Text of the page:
We come to a point in life during which we begin to define ourselves by our actions. I paint, therefore I am an artist. But, I believe this is a misguided way to view our roles in the world. Yes, our actions are the meat and potatoes of our day and they provide a way of recognizing who we are. But, sometimes, even in the absence of activity, one has not lost the identity that those activities expressed. For example, in my poor college life, I did not have any paints for years! I’ve since rectified the problem, but it was never really about all that. I didn’t paint, yet I was still an artist.
How? Well, I was an artist because of the way I looked at the world. Because I would see something warped and reflected on the surface of polished metal or a pond and would go about piecing the colors and shapes in my head that I would have used on the page. I saw art in a strong jawline or bemused eyebrow. I saw a masterpiece in nature and sought beauty in my surroundings because mere aesthetics brought me joy. I was an artist because of how I related to the aspects of my daily life, something the sociologists lovingly call “symbolic interactionism.”
For those of you who have not yet heard, the service of 10:31 Life Ministries is coming to the end of a chapter. It has flipped a final page. As it does so, I know that all of us those involved with this ministry will miss its presence in our lives. For me, it was always a reminder to put pen to paper in an effort to capture those moments, so pregnant with meaning, that would otherwise go racing by uncatalogued and unappreciated. It was a way of joining in fellowship with the founder, light-years away in some strange land called Kansas, and keeping my readers updated on the shenanigans and ponderings of my life. I won’t say I was witty or wise, but I enjoyed myself immensely. I’m sorry to be going.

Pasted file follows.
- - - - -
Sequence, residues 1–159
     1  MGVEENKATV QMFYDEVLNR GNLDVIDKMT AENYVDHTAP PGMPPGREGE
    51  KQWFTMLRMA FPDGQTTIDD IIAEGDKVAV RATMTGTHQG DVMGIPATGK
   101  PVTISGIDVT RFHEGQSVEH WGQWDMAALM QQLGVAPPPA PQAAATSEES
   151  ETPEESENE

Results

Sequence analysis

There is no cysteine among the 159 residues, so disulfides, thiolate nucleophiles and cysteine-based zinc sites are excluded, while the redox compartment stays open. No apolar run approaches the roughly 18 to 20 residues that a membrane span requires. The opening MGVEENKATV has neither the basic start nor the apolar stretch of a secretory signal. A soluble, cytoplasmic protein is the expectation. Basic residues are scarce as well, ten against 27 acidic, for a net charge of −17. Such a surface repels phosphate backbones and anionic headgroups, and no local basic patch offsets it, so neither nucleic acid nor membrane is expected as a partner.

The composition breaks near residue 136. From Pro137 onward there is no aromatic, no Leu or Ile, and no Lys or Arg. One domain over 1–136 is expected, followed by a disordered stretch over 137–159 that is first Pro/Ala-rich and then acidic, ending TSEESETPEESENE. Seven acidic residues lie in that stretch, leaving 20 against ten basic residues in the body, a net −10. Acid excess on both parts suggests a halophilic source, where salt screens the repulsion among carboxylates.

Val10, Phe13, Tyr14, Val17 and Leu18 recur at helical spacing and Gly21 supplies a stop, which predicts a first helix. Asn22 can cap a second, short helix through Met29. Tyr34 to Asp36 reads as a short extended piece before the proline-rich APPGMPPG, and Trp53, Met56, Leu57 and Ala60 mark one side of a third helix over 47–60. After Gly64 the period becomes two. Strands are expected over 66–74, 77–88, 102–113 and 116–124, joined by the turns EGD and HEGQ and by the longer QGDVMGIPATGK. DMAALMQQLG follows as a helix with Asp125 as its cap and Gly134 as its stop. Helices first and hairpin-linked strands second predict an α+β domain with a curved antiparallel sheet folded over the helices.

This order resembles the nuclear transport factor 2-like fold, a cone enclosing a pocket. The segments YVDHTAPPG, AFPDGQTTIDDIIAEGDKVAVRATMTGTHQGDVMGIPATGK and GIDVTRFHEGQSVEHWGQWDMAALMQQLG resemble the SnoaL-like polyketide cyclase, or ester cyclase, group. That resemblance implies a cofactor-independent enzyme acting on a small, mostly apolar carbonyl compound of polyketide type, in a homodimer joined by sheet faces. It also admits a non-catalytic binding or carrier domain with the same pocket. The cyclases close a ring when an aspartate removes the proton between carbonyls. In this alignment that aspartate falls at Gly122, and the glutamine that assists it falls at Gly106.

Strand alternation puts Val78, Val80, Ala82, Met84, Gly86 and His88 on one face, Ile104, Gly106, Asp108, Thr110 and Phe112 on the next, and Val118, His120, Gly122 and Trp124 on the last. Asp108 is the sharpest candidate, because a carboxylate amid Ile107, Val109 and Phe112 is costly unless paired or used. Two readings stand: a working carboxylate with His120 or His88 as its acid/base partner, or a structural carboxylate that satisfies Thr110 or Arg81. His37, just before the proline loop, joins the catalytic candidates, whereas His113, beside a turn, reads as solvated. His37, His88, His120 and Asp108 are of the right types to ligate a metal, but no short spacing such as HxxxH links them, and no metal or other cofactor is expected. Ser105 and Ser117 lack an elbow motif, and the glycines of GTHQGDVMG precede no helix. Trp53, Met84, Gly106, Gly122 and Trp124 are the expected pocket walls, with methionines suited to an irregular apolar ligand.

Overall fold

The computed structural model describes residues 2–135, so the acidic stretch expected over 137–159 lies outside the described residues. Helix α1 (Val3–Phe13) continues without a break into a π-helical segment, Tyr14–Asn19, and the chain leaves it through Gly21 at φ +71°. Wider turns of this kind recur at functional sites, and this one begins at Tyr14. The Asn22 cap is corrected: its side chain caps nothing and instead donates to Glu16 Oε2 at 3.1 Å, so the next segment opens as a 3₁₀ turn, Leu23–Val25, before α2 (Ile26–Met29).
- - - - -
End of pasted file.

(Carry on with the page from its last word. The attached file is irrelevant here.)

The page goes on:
Yet, I have to remember that we are no less members of this ministry on its last day than we were on the first. We still carry the vision of ministry, service, and faith in our worldviews even though we will no longer be making our happy monthly installments. My time with 10:31 gave me a deeper appreciation for using prose as a means of spreading a message of goofy, endearing fascination with the world and all of God’s wonders spread to every niche and corner. Three years after I began writing here, I’ll finish by saying that I may never really know how to say goodbye to something or someone I treasure. But, the biggest compliment we can give our time together is the understanding that it has changed us for the better. I may not have my paintbrush in hand daily, but my time with you has made me see the world in vivid, beautiful colors.